The Fell Swoop Loop, Part 2

Crotalus cerastes

It’s a bit of a drive but we made from the ocean to the desert in time to get in some road-cruising after dark. There’s one quiet road that I really like, and as a bonus our friend Dan drove in from L.A. to hang out for a couple days. It’s a great road for sidewinders (Crotalus cerastes) and they did not disappoint.

In fact, the sidewinders were downright amazing. We came upon our second predation event of the trip, an adult sidewinder with a kangaroo rat, right in the road.

We stayed at the scene to make sure no vehicles interrupted (or ran over) the snake as it swallowed its prey. No telling if it had envenomated the roo rat, or if it was simply taking advantage of some road kill.

We slept in the desert that night and in the morning, continued across the Sierra Nevada towards a specific target on the day’s agenda. My first time in this part of California and I thought it was beautiful.

Dropping into a dry basin, we bounced our two cars down a series of dirt ranch roads, as far as we could drive them in a Prius and a Corolla. We would have to cross the rest of the basin on foot, about a three mile hike.

Anaxyrus exsul

Our destination on the far side of the basin was a series of spring-fed pools holding a population of Black Toads (Anaxyrus exsul). The toads were quite active under the afternoon sun and they made for easy shooting with my long lens.

There were quite a few adult toads and a lot of tadpoles in the pool as well. There are a number of populations of A. exsul inhabiting a string of artesian springs across the area.

Toads observed and photographed, it was time to hike back across the basin. Upon arrival, Dan’s car had a flat tire. We put the spare on and kablam! It immediately blew. Nothing for it but to load the flat tire and the four of us in my rental and creep our way back out. We drove to the nearest big town, got a motel, and in the morning, found a place to fix Dan’s tire. We got back to his car, swapped in the good tire, and then proceeded to get my rental stuck in some powder sand. It took a hot and dusty hour to dig it out but at last we were free, and in desperate need of a hosing off.

(Phrynosoma platyrhinos

On the way out we encountered several Desert Horned Lizards (Phrynosoma platyrhinos), a bit of compensation for our troubles.

Lampropeltis californiae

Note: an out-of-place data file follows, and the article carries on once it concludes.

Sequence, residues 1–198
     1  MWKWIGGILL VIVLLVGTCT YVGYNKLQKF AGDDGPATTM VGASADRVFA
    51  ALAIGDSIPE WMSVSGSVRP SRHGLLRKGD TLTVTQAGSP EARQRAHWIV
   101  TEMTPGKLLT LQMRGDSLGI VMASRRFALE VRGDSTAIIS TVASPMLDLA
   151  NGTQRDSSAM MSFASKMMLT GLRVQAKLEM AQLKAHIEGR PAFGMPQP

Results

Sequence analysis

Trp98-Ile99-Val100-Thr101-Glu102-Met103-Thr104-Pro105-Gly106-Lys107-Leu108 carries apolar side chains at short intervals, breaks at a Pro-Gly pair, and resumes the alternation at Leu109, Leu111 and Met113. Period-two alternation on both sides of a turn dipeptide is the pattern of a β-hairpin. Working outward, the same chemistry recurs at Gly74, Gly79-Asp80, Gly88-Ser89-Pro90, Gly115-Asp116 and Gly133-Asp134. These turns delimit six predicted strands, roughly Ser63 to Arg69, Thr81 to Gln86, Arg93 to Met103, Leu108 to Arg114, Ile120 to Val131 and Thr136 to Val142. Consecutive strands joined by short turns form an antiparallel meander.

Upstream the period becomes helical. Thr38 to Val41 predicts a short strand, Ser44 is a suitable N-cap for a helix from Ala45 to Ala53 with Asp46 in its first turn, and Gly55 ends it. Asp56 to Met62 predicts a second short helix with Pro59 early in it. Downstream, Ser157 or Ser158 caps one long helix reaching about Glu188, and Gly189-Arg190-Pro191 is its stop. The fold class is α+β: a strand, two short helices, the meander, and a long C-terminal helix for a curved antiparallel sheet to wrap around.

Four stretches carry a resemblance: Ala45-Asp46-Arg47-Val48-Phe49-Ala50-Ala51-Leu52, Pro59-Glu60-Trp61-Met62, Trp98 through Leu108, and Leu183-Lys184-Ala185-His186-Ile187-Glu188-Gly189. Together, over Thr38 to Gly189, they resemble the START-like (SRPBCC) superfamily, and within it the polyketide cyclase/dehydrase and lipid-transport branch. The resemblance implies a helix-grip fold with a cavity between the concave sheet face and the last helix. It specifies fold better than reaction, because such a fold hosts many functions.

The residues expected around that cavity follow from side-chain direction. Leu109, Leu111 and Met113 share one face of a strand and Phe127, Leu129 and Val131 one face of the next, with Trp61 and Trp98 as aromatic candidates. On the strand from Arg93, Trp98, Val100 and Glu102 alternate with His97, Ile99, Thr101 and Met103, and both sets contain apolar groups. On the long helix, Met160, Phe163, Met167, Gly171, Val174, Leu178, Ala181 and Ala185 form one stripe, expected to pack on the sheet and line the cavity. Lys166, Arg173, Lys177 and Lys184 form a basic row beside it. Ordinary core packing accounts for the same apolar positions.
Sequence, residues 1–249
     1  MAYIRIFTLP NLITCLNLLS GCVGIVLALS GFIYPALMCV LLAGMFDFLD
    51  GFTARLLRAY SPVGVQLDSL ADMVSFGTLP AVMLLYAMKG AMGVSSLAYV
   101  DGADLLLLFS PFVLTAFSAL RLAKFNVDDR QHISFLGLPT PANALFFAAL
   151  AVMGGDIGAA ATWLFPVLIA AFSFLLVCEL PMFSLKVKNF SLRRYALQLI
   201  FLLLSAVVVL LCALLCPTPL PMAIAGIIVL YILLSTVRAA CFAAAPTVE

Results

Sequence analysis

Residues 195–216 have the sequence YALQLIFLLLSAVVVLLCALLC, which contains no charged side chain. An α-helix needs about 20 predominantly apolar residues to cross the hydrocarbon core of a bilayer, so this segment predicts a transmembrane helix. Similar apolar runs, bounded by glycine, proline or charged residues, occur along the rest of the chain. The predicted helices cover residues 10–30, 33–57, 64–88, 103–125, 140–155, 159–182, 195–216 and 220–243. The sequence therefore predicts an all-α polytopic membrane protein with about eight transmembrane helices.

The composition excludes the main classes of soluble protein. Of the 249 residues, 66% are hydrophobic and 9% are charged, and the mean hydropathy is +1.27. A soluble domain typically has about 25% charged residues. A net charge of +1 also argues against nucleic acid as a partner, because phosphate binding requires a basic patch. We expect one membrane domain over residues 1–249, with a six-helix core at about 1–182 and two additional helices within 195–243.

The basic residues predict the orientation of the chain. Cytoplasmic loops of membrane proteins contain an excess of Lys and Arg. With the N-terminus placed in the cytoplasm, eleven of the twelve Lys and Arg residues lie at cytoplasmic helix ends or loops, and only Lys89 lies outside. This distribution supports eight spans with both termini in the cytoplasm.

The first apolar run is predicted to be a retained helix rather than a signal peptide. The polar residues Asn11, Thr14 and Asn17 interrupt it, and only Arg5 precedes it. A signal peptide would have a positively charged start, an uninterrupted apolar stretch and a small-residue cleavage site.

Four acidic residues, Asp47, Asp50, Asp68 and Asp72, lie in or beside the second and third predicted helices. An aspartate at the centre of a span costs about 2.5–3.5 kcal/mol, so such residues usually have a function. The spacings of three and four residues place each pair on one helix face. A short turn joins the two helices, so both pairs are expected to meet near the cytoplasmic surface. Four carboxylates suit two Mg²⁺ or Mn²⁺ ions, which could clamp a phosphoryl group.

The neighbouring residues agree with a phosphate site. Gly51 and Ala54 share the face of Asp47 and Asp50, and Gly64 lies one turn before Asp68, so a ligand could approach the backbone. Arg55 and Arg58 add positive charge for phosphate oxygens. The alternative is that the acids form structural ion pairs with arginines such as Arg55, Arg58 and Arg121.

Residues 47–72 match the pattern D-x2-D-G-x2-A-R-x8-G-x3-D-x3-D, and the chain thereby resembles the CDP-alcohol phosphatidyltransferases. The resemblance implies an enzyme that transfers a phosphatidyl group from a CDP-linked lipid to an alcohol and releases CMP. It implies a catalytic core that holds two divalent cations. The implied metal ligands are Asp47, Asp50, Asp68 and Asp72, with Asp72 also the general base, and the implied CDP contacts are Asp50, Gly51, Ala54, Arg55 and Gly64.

Later that day we worked a canyon stream in search of alligator lizards, but could only come up with a nice subadult California Kingsnake (Lampropeltis californiae).

Bristlecone pines

We also made a detour to see some Bristlecone Pine Trees (Pinus longaeva), the oldest non-clonal species on the planet. It was a great diversion to see these old trees, many of which are thousands of years old.

Sceloporus graciosus graciosus

Our detour also allowed us to observe several Northern Sagebrush Lizards (Sceloporus graciosus graciosus), some of which might be more than a thousand days old.

Bristlecone pine trunk details

After the visiting the elder god trees, Dan bid us adieu and returned to Los Angeles, and John, Tim and I continued east into Nevada. We found a place to stay for the night and headed down to a cattle-trampled stream. We had another toad in our sights for that evening.

Anaxyrus nelsoni

As darkness fell, Amargosa Toads (Anaxyrus nelsoni) came out of hiding to hunt for insects along the stream.

Anaxyrus nelsoni

We saw more than a dozen of the toads and some tadpoles. I suppose they are hanging in there, but I wish folks would fence off a portion of the stream to keep out the goddamned cows.

Pseudacris sierrae

California Treefrogs (Pseudacris sierrae) were also putting in an appearance along the stream.

In the morning, we made a hard right turn and headed south towards Arizona, stopping only for gas and to check out the local tourist trap.

We spent a few days in the Vermilion Cliffs area of NW Arizona, near the Grand Canyon. A gaggle of friends from four different states converged on the area and we hiked during the day and road-cruised at night.

Sceloporus magister cephaloflavus

Hiking near the Paria River we spotted this gorgeous male Orange-headed Spiny Lizard (Sceloporus magister cephaloflavus).

Trimorphodon lambda

Road-cruising was slow the first night – there was no moon but just a few snakes were moving, including night snakes and a beautiful young Sonoran Lyre Snake (Trimorphodon lambda).

Anaxyrus punctatus

This Red-spotted Toad (Anaxyrus punctatus) was escorted off the road. I never get tired of seeing this species and many of them are drop-dead gorgeous.

The next morning a big group of us hiked a small canyon that drained into the Colorado River. We didn’t turn up any serpents but it proved to be a fabulous place for lizard-spotting. We hadn’t gone very far when we witnessed another amazing predation event.